Clean, 'Green', Fuel-Efficient Diesels at Home on Race Track or Highway
BROADVIEW, Ill., November 21, 2008: Modern diesels are cleaner than ever before. To show how efficient they are, the latest generation made its debut recently on the racetrack proving that even in full race driving conditions diesel vehicles can remain clean and green ... and highly fuel- efficient!
Thirty new VW Jetta Diesel TDIs, powered by 2.0-liter, four-cylinder engines that produce 170 hp and 258 lb.-ft. of torque, tackled some of the top road racing courses in North America during the Volkswagen Jetta Diesel TDI Cup, a multi-race series of basically stock Jetta 'clean diesels' racing at major road tracks from Lime Rock to Road Atlanta.
"What we have here are virtually stock diesel passenger cars that raced hard throughout the summer and fall, averaging fuel mileage in the mid- twenties and running absolutely clean under very tough full road race conditions," said Wolfgang Hustedt, Motorsports Manager for Bosch, which supplies the advanced fuel system that helps make these vehicles fuel efficient and 'green.'
'Common Rail' - Key to Efficiency
The heart of these clean, highly efficient engines is a Bosch common-rail fuel injection system that uses fast, precise Bosch piezoelectric fuel injectors, instead of a traditional mechanical system. Diesel fuel is pressurized along a "common rail" for delivery to electronically activated injectors for each cylinder. This technology permits higher injection pressures, which better atomize the fuel, enhance performance and make it easier to control pollution.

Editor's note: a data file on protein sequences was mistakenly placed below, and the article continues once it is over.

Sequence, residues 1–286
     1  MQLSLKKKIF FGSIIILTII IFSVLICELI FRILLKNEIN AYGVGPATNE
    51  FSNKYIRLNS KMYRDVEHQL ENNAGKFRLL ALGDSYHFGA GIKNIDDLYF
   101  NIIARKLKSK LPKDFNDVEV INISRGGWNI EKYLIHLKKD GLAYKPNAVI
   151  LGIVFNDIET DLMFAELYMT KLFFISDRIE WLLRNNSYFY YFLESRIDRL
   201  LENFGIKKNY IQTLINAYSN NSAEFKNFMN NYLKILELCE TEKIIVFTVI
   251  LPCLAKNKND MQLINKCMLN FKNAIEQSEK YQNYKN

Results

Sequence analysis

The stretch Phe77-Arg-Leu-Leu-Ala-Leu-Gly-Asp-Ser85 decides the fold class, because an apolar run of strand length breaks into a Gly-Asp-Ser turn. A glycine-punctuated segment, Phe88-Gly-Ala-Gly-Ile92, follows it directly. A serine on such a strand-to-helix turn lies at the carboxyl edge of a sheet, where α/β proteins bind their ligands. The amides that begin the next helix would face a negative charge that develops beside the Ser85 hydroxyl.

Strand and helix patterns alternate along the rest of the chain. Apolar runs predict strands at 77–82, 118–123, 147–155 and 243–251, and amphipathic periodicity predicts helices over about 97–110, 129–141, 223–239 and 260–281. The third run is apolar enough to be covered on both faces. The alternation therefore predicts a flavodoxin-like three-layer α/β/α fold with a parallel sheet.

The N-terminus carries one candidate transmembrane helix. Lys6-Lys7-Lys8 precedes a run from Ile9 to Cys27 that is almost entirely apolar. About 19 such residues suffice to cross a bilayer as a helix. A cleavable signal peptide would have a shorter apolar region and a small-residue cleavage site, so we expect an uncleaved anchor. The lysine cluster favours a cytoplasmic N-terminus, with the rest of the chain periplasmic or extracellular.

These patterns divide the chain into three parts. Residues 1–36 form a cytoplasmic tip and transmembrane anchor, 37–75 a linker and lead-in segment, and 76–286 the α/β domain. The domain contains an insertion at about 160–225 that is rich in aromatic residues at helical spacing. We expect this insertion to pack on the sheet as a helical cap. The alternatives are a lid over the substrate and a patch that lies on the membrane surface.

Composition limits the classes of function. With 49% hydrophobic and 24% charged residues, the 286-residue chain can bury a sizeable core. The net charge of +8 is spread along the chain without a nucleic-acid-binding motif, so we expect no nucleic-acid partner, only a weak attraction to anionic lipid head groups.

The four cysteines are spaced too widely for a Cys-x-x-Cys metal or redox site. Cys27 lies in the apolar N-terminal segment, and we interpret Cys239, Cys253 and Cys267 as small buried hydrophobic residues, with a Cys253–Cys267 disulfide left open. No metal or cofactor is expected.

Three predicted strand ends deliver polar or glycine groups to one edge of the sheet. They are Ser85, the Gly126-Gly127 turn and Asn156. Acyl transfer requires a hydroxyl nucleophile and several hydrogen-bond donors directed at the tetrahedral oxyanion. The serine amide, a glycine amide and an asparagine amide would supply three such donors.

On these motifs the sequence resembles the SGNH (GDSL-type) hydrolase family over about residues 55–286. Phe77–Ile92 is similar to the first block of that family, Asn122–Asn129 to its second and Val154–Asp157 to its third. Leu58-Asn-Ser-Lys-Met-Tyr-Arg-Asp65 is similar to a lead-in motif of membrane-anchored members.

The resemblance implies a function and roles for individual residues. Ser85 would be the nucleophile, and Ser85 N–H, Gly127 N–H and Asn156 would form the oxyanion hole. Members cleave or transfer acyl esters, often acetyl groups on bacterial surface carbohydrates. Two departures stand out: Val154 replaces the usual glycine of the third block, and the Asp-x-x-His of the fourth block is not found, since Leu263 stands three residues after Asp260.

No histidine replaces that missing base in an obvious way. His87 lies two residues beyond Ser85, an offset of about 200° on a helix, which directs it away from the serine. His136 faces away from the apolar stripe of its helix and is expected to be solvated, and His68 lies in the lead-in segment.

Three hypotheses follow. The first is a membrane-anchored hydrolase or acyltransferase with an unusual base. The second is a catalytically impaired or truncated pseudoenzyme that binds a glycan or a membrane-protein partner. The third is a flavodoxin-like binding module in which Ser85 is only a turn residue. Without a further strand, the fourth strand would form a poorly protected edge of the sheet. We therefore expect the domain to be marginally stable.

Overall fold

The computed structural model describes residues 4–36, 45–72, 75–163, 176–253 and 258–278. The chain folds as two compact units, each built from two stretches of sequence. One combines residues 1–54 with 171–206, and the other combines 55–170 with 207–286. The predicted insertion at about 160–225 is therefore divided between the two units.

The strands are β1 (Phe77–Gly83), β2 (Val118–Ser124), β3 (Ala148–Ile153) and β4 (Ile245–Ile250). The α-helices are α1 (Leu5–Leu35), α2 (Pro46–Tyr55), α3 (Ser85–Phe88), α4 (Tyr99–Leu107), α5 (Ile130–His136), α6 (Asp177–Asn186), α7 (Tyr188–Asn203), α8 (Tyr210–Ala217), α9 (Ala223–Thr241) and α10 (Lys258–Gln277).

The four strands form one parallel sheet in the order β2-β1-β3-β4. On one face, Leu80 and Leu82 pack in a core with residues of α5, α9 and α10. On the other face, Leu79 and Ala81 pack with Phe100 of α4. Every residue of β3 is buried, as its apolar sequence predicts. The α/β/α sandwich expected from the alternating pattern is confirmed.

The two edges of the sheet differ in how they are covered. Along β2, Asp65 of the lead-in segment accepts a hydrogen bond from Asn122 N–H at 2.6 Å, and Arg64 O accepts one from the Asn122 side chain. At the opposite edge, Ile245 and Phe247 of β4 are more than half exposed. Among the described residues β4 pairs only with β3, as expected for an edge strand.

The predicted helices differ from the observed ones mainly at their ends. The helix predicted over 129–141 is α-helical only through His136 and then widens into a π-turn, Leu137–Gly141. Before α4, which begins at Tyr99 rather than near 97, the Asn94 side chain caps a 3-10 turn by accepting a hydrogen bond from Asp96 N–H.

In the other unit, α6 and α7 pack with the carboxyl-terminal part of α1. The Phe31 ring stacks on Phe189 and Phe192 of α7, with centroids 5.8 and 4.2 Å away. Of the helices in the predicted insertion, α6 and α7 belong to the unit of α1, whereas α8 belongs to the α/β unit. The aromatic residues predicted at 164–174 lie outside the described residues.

"This is the stock setup for the VW Jetta Diesel TDI - basically the same engine and car any motorist would get if he picks one up and takes it home - with the addition of racing ABS brakes and suspension," Hustedt said. "This advanced diesel technology allows the vehicle to become the first automobile to meet the world's most stringent emission control standards - California's Tier II, Bin 5," he added.
Fast Acting Injectors Play a Big Role
The latest common rail system relies on highly precise rapidly switching piezo injectors, which have 75 percent fewer moving components and mass, allowing them to switch at double the speed of previous solenoid-valve injectors. This allows the piezo injectors to significantly lower diesel emissions, increase the achievable engine power and noticeably lower engine noise - depending on the specifics of the engine.
"The Jetta TDI diesels operating with this system are very powerful with lots of torque in addition to high fuel efficiency and very low emissions - and they are very quiet," Hustedt said.
"In older diesel engines, the fuel management system was almost entirely mechanical," Hustedt said. "Higher pressures in the new electronically controlled systems allow injectors to deliver finer atomization of the fuel, while improving combustion efficiency and lowering particulate emissions."
To help make it 'green,' in addition to the sophisticated Bosch fuel system components, the Jetta also uses a Noxstorage catalyst, which is basically a reservoir that temporarily holds the noxious emissions like a particulate filter, until they can be burned off during one of the engine cycles.